The 26-boat fleet in the 2012-13 World ARC set off from Rodney Bay, St. Lucia on Sunday on a 15-month circumnavigation. Not all of the entries will complete the 26,000-mile circuit, though, as a handful will be joining the fleet at their next stop in Panama’s San Blas Islands before transiting the Canal and heading for Oz — with stops at the Galapagos, Hiva Oa, Tahiti, Bora Bora, Niue, Vava’u, Fiji and Vanuatu along the way.
The flexibility of the event will allow even more boats to join in Darwin, Australia, while others say goodbye with half a circumnavigation under their keels. Wisely, the organizers have designed a course that will avoid pirate-infested portions of the Indian Ocean and should see the fleet arrive unaccosted in South Africa by Christmas. Then it’s off to Brazil for Carnival, returning to St. Lucia by April.
Having 25 years of experience organizing the extremely popular Atlantic Rally for Cruisers, as well as a handful of rally-style circumnavigations in the ’90s, the World Cruising Club successfully guided a similar number of boats in the ’10-11 running of the event. You can follow the fleet’s progress — or join at any point of the rally for somewhere around $20,000 — at www.worldcruising.com/worldarc2012/index.aspx.
Apart from occasional mentions of the America’s Cup superstars and around-the-world record-setters, sailors rarely garner the attention of mainstream media. But the Bay Area’s CBS-TV affiliate and several local radio stations made an exception last month when Captain Richard Gillette received a prestigious Jefferson Award for outstanding community service.
Until very recently, Gillette was the heart and soul of the Berkeley-based nonprofit Pegasus Project, which is focused primarily on educating youth from all social strata about our environment, the Bay and sailing — usually free of charge — aboard the 51-ft Alden ketch Pegasus. He has now formed his own nonprofit, Spirit of the Sea, to expand such efforts, and will be bringing the 64-ft steel sloop Ocean Watch — used in the Around Americas expedition — to the Bay in March as the program’s flagship. (Read more about this in the February edition of Latitude 38.)
The Jefferson Award concept was created in the ’60s by Jackie Kennedy and others with the mission statement: "To recognize, inspire and activate volunteerism and public service in communities, workplaces and schools across America." Regarded as the Nobel Prizes of the public service arena, Jefferson Awards are given on both the national and local level.
"I am very humbled by this award," Gillette wrote to his volunteer crew and supporters. "It really represents the work that we do together as a team/crew."
In Latitude‘s July 2011 tribute to unsung heroes of the Bay Area, volunteer Shana Bagley was quoted as saying, "There is something magical about Richard. He is like an old soul with a connection to the sea and the earth. The world is always brighter after spending time with him."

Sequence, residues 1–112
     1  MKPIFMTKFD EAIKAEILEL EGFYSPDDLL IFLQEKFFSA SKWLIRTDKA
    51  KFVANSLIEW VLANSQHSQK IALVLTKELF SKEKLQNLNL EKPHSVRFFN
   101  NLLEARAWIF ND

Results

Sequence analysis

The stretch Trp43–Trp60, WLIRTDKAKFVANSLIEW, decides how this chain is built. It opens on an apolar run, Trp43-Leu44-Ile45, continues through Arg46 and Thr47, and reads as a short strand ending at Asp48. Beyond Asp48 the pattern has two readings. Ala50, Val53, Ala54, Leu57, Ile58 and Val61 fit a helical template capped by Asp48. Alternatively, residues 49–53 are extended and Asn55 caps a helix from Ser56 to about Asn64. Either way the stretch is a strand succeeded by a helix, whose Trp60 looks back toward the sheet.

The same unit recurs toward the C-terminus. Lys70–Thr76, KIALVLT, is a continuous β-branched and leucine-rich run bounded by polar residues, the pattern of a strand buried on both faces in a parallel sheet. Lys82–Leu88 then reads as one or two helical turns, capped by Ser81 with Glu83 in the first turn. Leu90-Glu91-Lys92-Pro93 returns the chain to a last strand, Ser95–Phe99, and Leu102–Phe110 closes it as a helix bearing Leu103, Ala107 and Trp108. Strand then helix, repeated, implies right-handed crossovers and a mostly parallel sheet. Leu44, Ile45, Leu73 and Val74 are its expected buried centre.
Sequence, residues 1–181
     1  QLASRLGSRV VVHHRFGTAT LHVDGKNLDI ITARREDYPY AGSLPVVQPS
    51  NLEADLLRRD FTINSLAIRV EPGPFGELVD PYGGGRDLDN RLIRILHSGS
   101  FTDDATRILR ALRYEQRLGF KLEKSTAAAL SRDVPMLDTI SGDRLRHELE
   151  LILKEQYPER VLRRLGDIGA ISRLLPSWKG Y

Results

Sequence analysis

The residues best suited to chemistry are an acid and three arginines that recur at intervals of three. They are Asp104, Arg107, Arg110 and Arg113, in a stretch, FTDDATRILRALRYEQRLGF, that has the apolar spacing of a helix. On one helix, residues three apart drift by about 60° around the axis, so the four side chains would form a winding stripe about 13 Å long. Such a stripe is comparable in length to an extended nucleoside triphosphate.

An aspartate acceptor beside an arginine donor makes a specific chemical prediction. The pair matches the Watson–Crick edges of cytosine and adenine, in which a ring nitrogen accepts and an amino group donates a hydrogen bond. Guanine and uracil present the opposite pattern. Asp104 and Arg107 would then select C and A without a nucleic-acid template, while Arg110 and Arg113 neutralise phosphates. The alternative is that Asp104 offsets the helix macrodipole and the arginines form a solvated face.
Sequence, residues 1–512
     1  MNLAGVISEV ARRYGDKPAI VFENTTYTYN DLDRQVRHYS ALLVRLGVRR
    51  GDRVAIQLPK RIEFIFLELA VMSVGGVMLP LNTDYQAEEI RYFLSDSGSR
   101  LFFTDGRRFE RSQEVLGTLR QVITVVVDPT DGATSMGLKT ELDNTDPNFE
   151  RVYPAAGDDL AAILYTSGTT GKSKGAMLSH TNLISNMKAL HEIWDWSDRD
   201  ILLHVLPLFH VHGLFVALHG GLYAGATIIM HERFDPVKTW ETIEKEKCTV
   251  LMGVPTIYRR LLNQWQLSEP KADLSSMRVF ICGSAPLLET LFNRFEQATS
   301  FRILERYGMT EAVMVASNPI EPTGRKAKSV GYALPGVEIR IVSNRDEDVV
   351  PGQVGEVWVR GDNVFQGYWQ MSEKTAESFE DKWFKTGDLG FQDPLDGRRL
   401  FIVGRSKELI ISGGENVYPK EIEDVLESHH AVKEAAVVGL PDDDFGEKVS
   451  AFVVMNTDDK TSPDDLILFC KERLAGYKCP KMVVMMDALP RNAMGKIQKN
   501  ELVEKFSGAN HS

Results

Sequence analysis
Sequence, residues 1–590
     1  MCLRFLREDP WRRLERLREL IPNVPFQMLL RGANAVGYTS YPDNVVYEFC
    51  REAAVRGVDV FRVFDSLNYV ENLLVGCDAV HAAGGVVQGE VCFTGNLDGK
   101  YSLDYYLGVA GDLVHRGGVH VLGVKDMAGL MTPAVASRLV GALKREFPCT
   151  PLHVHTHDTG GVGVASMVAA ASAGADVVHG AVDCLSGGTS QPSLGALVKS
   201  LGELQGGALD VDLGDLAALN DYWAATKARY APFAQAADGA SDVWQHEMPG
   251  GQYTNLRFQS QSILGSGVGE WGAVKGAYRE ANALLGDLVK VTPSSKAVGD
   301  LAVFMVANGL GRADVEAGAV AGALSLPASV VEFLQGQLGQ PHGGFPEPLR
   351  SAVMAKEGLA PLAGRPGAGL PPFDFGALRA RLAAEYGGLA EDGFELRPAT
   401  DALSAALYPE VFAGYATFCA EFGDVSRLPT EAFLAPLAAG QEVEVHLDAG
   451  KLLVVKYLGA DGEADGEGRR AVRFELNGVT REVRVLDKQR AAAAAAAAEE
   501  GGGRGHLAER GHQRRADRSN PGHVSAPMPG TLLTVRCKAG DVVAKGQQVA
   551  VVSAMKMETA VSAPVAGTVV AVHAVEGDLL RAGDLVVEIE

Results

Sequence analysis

You can help Gillette jump-start his new nonprofit by helping him win a $10,000 grant from Ikea to take Nancy’s Kids with cancer sailing on the Bay aboard Ocean Watch. Cast your vote from a cell phone only: In the field where you would normally type the recipient’s name, put 62345. In the message field type: LIFE29 (with no spaces). You can vote once each day through January 20, 2012. Let’s do what we can to make January 23rd’s ‘Lectronic headline read "Spirit of the Sea Wins Grant!"
Sixteen-year-old Dutch sailor Laura Dekker is currently sailing from South Africa to St. Martin in the Netherland Antilles in the Caribbean on the last leg of a solo circumnavigation aboard her 38-ft Jeanneau Gin Fizz ketch Guppy. She’s expected to cross her outboard path on about January 24, at which time she’ll become the ‘youngest circumnavigator’, displacing Jessica Watson of Australia. Unlike Watson, Dekker has made many stops along the way, which is why it will have taken her almost 2.5 times as long for her "dream to come true."
One reader recently wrote in criticizing Latitude‘s lack of coverage of Dekker’s attempt. There’s a reason. While we admire Dekker’s resolve, courage and skill, and what Watson accomplished, we don’t believe in youth-based long-distance sailing records. That’s because we don’t think mid-teens know enough about themselves, the risks involved in attempting a circumnavigation, or the value of life to come to an informed decision about making such an attempt. Particularly when visions of fame and money can cloud their thinking. As such, we don’t go out of our way to encourage or glorify such youth records. For what it’s worth, the Guinness Book of Records and the World Speed Sailing Record Council no longer recognize aged-based sailing ‘records’.
A Dutch court only allowed Dekker to begin the voyage after she acquired a larger boat, fitted it with decent electronics, and enrolled in a special correspondence school. But that hasn’t stopped the hubbub back home, and her father was even threatened with arrest by child protective services after there was a report that Dekker wasn’t keeping up with her studies.
All we know is that the perception of the bar for singlehanding around the world will be lowered as soon as Dekker reaches St. Martin because it will be "so easy that even a 16-year-old girl can do it."